Working at Loyens & Loeff is appealing because it allows me to combine professional ambitions with my broader scientific interests, a rare combination indeed. As long as I can remember I enjoy thinking about legal systems in their sociopolitical context without sharing the quintessential lawyerly interest in solving legal puzzles. However intellectually appealing that may be, the labor market perspectives for a lawyer with no substantial interest in the application of legal norms to concrete problems have always been grim.
Loyens & Loeff is one of the few continental European law firms that does not merely talk about innovation but actually gets its hands dirty by implementing technological solutions to legal problems. Existing projects include but are not limited to document automation, the application of natural language processing techniques, impact assessments and legal prediction. Increasingly, these fields become part and parcel of legal practice and academia, making Loyens & Loeff the epicenter where scientific techniques meet professional practice. At the same time, the firm looks favorable upon my scholarly inclinations and stimulates me to continue producing academic research. My ongoing research fellowship at the Leuven Centre of Legal Theory and Empirical Jurisprudence bolsters my atypical profile. Here I apply data analysis to a wide variety of topics such as European integration, judicial behavior and even legal argumentation and rhetoric. For example, I recently published a research article on the influence of ideology on competition law decisions of EU judges (link).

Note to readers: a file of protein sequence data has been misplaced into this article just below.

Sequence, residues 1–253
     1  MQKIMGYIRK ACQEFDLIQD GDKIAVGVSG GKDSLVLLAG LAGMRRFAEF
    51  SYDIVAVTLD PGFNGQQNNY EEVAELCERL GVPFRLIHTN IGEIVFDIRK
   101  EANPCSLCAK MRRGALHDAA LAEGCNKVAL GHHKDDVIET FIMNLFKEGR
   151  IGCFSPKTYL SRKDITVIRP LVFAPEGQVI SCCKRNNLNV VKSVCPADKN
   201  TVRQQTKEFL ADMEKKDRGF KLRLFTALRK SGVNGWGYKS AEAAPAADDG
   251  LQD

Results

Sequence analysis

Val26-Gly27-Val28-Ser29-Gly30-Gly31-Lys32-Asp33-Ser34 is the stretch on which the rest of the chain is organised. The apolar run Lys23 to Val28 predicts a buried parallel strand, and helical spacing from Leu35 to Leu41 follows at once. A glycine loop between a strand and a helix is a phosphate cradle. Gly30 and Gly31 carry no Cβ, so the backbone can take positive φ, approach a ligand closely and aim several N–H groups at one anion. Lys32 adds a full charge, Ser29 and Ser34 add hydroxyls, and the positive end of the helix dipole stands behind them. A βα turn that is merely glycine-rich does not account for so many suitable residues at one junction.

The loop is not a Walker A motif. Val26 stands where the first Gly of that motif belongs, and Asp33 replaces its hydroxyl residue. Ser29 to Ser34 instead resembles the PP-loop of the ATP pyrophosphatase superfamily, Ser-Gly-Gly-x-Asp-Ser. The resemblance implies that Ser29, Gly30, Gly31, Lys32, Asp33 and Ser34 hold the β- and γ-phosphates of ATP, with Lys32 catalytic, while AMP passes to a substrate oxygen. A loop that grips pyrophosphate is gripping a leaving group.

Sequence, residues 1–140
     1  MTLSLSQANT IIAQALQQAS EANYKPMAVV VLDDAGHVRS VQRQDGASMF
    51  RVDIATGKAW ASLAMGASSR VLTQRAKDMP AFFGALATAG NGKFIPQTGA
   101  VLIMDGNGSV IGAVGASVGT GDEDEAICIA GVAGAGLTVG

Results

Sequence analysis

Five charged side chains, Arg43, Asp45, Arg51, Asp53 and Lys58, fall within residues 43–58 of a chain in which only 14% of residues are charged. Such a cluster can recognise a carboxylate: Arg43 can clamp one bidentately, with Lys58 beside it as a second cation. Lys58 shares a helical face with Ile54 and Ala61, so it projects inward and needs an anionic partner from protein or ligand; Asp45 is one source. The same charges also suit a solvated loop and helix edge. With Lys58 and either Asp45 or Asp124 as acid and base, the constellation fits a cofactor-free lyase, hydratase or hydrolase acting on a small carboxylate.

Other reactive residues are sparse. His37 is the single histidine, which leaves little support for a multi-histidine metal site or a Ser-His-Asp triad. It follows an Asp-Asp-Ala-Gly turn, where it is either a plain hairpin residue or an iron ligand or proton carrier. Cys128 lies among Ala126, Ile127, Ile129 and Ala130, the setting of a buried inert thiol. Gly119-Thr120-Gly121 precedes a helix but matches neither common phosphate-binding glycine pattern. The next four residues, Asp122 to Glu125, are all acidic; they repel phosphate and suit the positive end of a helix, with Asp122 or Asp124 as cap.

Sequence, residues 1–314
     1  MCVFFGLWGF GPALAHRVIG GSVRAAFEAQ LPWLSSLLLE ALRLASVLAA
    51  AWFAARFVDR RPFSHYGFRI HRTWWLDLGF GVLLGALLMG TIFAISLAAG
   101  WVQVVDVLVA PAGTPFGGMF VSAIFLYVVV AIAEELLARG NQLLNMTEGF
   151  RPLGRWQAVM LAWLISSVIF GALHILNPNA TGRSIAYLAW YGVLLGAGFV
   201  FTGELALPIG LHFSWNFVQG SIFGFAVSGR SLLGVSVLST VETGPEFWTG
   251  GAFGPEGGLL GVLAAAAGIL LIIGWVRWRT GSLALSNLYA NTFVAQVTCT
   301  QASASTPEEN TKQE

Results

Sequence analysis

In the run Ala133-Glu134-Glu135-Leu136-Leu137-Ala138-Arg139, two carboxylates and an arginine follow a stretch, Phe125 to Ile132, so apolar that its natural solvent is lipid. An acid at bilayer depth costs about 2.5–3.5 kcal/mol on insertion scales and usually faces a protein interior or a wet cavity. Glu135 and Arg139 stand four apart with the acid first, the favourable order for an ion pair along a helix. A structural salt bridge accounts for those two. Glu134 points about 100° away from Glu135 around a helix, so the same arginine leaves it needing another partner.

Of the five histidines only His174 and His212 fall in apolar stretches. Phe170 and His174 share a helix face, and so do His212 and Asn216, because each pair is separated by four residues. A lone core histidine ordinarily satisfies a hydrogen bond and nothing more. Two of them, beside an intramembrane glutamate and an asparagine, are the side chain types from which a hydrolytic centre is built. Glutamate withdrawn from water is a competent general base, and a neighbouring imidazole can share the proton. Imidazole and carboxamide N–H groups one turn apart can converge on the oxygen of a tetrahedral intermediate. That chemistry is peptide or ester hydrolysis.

Luckily we live in a day and age where legal academia as well as legal practice, as some of the last remnants of the enchanted world, steadily open up to more data driven approaches.